Friday’s action marks the third year in a row for the Ethics Commission to make significant settlements with legislative PACs.
In July 2022, the OEC struck a similar agreement with the Republican Senatorial Committee, a key political action committee that had supported the upper chamber’s GOP Caucus for nearly two decades. The PAC paid more than $62,000 to the state and dissolved.
In May 2023, the commission settled complaints for $45,000 with the Conservative Alliance PAC, an Ohio-based committee that was accused of not following basic reporting laws in Oklahoma after fueling dark-money advertisements in 2018 Republican primaries.
Budget request gets positive reaction from Senate committee
Before the Oklahoma Ethics Commission governing board went into executive session, Lee Anne Bruce Boone, the agency’s new executive director, reported that a Senate budget subcommittee recommended most of the agency’s budget request for the 2025 fiscal year, which begins July 1. The commission is asking lawmakers to restore the agency’s funding to the amount it received in the 2016 fiscal year. Cuts to the budget — and, subsequently, staff — were not restored after various shortfalls that occurred during that time.
For Fiscal Year 2016, the commission received $837,000 from the Legislature. Its appropriation for the current fiscal year is $687,900. In recent years, the commission’s dynamic with both legislative chambers has been strained owing to significant investigations and settlements involving influential legislators in both the Senate and the House.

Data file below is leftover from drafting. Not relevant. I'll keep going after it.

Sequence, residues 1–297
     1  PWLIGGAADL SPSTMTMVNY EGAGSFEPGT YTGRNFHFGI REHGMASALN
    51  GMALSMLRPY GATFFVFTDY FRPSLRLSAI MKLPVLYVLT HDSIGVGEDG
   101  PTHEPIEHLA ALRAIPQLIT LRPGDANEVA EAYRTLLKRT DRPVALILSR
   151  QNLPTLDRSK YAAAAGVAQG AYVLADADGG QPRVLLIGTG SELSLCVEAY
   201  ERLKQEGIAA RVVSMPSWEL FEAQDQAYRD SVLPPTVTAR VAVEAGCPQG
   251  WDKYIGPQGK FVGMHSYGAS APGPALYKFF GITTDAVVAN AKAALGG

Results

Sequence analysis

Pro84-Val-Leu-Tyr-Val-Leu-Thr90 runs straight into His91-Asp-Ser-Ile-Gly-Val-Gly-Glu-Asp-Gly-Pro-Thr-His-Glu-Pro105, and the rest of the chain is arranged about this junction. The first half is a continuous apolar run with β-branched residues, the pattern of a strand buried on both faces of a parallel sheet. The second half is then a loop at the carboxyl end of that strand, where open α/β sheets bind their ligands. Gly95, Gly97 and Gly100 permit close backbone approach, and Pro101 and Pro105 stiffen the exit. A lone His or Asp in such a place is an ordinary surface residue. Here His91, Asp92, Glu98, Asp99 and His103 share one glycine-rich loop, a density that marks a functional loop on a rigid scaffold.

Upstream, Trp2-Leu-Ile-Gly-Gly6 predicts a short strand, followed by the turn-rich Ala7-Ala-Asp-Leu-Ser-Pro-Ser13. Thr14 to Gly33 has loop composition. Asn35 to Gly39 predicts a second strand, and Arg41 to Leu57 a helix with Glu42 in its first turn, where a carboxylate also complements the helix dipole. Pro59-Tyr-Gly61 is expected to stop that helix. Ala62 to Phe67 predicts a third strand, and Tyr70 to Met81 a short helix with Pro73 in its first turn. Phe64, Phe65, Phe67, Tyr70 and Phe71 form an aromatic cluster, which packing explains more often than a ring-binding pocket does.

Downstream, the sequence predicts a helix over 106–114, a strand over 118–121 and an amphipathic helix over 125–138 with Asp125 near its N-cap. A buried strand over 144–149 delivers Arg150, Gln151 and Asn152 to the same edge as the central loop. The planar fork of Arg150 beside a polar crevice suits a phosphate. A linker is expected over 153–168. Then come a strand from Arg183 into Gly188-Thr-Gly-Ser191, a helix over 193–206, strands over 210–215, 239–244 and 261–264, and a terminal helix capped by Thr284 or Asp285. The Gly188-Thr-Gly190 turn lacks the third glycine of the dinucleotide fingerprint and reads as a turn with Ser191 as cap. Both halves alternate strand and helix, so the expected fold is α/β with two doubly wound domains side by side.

Eight years ago, the initial shortfall left the deputy director position vacant, and subsequent legislative changes affecting the commission’s fee revenue left it without funds to support candidate and committee education programs.
The commission’s total request for state funding next year is about $2.4 million. The commission is seeking $1.2 million in operational funds — with $837,000 of that representing 2016 fiscal year level of funding. The increase in the upcoming fiscal year to restore that funding would amount to $149,273.
The commission is also requesting several other items, including funding for a department on political subdivisions as required by SB 1745, which passed in 2014.
The commission is also requesting $177,400 for a director of compliance, which would provide education programs and serve as another attorney assisting the general counsel and executive director. The position at one time was paid partly through state appropriations and partly through fee revenue. budget shortfalls over the years and a cap on the agency’s revolving fund left the commission with insufficient funding to fill the position after the director of compliance was promoted to general counsel in 2019. The position has been vacant since then.
Commissioners also are requesting $1.2 million in special project funds for a new system to track campaign activity and lobbyist spending in Oklahoma. Boone, who started her duties as executive director in January, announced last month that Civix agreed to extend its contract to operate the Guardian System through February 2025. However, the company is still mothballing the platform next year.
The Senate budget committee recommended a $300,000 increase for the agency to go toward a new online reporting system. Senate Minority Leader Kay Floyd (D-OKC) has filed SB 1488, which seeks $2.4 million to replace the Guardian System with a new reporting platform.